On the weekend, I made my way to BETT, an educatinal technology show in London Olympia, where all the latest gadgets, ideas, software, hardware and systems were out on show for like minded folk. I’d never been to any of these shows before and didn’t really know what to expect. Getting around to many of the stands ended up taking me most of the day- and interesting, it certainly was!

It has motivated me to start experimenting with wikis and podcasting in school and also gave me the oppotunity to sign up for a number of trials of some cool software systems etc at school. There’ll no doubt be plenty for me to blog about in the coming weeks!

The highlight of my day though, would certainly be the fact that having entered a competition at the SMART stand, I actually won the first prize of a state of the art SMART interactive whiteboard system, worth £3000 plus! I’m even more excited with the prospects that my school doesn’t need it (we already have an excess!) and I will be able to look into selling it as soon as it arrives.

Having said this, I have to admit having had my own moral dilemma about the whole thing – considering whether I should just give it to school etc etc…. But ultimately have come to the conclusion with consultation with my headteacher.

Writing to Persuade – Just Add Spice!

I began doing some work with my class today which will lead them to writing their own speech and written text involving  the art of persuasion to put their points of view across.

Initially we began by brainstorming what makes up a “healthy school”, an issue and buzzword that has been bouncing around schools in this country for a number of years now.  The task led to me mentioning that like any good campaign (be it political or advertising), you need a good punch line or slogan to drive home your message.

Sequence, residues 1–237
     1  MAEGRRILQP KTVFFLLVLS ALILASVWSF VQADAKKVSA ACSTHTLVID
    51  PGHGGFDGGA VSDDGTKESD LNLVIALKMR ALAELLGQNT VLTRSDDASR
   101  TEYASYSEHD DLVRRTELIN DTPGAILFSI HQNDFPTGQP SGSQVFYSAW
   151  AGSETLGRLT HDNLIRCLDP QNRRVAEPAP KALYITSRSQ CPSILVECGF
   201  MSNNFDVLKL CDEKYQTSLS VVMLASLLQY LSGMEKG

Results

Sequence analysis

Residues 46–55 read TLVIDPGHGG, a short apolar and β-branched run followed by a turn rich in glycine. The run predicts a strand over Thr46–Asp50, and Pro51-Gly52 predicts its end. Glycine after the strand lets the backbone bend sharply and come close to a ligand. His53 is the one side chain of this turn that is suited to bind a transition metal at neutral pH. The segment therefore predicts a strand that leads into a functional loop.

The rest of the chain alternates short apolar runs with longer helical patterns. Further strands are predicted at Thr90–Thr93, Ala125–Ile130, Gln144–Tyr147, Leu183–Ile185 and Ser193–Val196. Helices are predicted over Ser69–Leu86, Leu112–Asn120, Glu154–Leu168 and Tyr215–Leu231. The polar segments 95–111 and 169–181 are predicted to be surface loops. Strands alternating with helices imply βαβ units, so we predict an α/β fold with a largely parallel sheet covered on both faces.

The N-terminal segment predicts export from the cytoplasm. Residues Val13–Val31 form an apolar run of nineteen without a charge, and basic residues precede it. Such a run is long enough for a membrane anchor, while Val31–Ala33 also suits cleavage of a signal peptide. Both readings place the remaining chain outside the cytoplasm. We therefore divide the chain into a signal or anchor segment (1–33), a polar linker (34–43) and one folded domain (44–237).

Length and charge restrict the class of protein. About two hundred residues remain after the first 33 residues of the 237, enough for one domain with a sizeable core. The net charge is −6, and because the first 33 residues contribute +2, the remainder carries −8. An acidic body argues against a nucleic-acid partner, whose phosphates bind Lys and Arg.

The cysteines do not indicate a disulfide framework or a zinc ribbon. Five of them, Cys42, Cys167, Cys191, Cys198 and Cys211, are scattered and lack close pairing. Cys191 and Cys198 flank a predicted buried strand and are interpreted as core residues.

It gave me an exciting opportunity to show a number of television advertisements via YouTube that would not only show clever use of slogans, but also other mechanisms adopted as a means of persuading the consumer they target.

It led to some good discussion on how in some cases the slogan played a vital role in selling the product, and in other cases it was more a matter of using other devises, such as using gimmicks, celebrities and other enticements to sell the brands. One popular tv ad was a recent Tesco campaign which included the Spice Girls.

The videos opened the floor to a lot of good discussions about the different tactics of some other different brands being promoted, and of course the range of different ways that could be seen. If nothing else, it got the kids excited about coming up with their own slogan to bring home their own arguments for the speeches they are about to write.

Nike Plus Running With Me

  I’m right into my training to run the London marathon on April 13. Special mention needs to be made to the fantastic Nike Plus system which links the statistics involved with my running activites and my iPod into one system, which then is linked to a recording system on the internet. Here I can track my runs, keep a running total of my runs and average pace, and even set myself running goals.

Here are a few screen shots: